Mothers have so many positive traits, like empathy, sympathy, patience, unreserved love, etc. It would take until next Mother's Day to list and explain them all, so I'll just cover "understanding" this time around. It doesn't just mean they know what their children are thinking and/or feeling. It also means mothers respect those thoughts and feelings, and are prepared to take them into consideration before making a decision. In order to fully explain this trait, I have to tell you a story about rock-throwing:
When I was eleven years old, I got into a little trouble at school. Actually, I got into a little trouble at every age I was associated with said institution, but we'll just talk about this particular time.
Out on the playground during recess, my friends and I were playing a made-up game which, for creativity's sake, we will call "stick-rock". Loosely derived from baseball, one person pitches a small rock (about the size of a fifty-cent piece), and another tries to hit it with a stick. Here's the kicker: Once the rock is struck with the stick, the pitcher cannot move. Not even a flinch. Losing an eye is preferred over losing your honor.
Unfortunately (or fortunately, from the perspective of age and wisdom), hitting that tiny rock with a stick is not that easy. After wasting fifteen minutes of valuable recess time swinging and missing, the game lost its luster, making room for newer (and stupider) ideas. When I spotted a kid wearing a red shirt about 65 yards away, an evil little light bulb came on and then burst above my head, and I said "Watch this!"
Being a moderately skillful center-fielder, I was pretty good at calculating trajectories of flying objects. So by the time the projectile reached its apogee, a mumbled "Oh, shit!" escaped my lips. We could actually hear the thwack as the rock bounced off the poor kid's skull.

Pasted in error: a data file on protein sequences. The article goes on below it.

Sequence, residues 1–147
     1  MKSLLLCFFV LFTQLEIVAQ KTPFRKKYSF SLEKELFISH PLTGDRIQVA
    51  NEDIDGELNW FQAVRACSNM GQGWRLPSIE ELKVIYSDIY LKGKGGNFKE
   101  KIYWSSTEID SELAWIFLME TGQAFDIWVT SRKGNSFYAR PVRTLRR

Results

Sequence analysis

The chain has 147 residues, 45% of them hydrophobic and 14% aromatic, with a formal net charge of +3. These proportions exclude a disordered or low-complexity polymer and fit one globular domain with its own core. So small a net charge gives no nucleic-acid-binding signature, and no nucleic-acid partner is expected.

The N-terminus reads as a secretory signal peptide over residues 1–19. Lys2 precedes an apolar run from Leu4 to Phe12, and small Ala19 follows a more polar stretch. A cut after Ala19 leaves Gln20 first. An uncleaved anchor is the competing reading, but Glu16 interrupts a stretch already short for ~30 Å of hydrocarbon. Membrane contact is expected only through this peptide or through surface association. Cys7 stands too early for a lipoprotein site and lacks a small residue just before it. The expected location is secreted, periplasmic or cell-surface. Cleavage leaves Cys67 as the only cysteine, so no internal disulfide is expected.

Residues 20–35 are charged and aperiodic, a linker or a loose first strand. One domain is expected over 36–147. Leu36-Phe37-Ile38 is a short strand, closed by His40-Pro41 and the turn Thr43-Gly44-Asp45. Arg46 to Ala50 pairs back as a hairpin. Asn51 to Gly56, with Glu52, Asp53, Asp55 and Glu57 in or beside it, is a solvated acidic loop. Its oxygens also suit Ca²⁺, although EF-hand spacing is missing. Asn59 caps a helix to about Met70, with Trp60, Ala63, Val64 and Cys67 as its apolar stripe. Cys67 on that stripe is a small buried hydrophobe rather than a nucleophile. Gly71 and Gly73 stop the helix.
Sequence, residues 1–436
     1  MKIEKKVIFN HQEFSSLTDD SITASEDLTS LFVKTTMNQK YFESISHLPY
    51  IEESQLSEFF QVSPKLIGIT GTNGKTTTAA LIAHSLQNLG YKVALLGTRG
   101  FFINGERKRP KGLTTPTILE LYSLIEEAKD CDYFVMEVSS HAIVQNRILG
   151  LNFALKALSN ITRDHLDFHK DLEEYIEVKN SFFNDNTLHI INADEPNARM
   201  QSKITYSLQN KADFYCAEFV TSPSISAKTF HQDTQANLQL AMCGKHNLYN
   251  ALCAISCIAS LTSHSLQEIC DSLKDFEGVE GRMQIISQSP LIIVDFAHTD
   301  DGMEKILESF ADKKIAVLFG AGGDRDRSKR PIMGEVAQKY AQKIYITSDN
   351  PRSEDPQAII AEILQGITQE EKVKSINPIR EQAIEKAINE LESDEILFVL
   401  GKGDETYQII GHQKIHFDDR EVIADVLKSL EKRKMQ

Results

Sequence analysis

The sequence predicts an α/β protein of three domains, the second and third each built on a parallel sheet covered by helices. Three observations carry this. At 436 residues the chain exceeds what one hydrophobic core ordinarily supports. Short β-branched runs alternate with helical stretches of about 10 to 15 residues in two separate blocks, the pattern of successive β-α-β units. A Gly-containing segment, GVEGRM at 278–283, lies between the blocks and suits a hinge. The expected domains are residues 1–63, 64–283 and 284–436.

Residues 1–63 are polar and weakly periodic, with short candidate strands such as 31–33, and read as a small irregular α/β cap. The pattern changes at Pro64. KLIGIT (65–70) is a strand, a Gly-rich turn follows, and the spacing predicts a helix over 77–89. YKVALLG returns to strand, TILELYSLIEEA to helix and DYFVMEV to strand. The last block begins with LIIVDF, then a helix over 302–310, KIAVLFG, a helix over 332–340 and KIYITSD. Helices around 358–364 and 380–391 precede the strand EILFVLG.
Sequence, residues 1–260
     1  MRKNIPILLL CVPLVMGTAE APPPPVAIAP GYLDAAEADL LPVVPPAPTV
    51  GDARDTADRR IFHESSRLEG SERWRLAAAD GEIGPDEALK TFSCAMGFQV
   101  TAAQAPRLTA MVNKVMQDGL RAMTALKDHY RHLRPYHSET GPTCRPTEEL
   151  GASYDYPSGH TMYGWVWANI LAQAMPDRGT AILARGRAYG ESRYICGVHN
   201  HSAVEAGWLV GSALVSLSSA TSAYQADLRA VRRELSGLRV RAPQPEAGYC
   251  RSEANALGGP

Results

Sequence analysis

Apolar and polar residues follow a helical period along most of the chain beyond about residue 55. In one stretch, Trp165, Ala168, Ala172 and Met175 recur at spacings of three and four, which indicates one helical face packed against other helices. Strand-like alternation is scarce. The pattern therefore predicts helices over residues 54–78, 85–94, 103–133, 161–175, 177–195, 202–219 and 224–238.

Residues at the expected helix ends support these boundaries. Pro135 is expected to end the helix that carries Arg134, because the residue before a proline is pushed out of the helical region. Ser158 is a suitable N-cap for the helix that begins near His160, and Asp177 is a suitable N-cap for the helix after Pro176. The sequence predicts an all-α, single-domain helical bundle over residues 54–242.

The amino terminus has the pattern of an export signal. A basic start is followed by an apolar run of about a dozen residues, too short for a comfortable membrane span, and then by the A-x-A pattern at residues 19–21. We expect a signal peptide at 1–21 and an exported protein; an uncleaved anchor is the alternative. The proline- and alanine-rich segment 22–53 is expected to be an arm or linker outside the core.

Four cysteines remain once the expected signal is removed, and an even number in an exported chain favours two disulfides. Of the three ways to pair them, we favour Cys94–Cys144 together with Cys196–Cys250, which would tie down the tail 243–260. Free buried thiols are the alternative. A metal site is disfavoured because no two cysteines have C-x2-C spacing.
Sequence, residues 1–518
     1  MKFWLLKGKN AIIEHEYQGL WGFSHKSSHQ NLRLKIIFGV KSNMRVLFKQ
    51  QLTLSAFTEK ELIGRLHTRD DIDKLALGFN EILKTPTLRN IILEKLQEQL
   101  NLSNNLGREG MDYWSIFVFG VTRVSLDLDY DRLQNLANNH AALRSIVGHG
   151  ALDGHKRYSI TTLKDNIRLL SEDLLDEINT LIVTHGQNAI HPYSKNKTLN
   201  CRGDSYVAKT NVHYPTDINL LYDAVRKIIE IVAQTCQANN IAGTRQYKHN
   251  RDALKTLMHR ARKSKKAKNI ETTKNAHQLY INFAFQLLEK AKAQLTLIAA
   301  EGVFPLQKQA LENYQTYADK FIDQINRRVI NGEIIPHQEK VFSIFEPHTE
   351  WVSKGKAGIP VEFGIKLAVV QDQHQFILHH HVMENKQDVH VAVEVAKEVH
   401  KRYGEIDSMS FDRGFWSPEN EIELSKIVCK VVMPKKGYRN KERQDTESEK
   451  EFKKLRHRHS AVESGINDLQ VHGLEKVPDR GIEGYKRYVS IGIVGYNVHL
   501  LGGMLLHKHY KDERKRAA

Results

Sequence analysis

Even back then, that was a fairly serious infraction. But the teacher who was in charge (that day) of the inmates was sort of an Old Testament kind of guy. Or maybe a Libertarian? Whatever, his solution was to make me stand rigid, without moving (ironic, considering the earlier stick-rock game), while the victim of the crime hurled a brick-sized rock from about ten feet away, which hit me right behind the left ear.
In his defense, the teacher had apparently briefed said victim beforehand, and the kid was only supposed to wave the rock around a little bit to scare me. The jury's still out on whether the kid didn't hear that part or simply chose to ignore it. But the teacher freaked out and apolgized profusely, probably envisioning the end of his career or worse.
Now we get to the "understanding" part. When I got home that day, and my mom noticed blood on my shirt an a bandage on my neck, she (of course) demanded an explanation. Before I even finished the story, she grabbed her purse and was headed for the door, and I knew somebody was about to lose his job. It took me about fifteen minutes to bring her rage down to a manageable level, and make her understand that I was satisfied with the outcome and nothing more needed to be done. The world was in balance. She didn't like it, but she finally put her purse down, placed her hands on her hips, and said "Don't just stand there. Go get cleaned up before your dad gets home."
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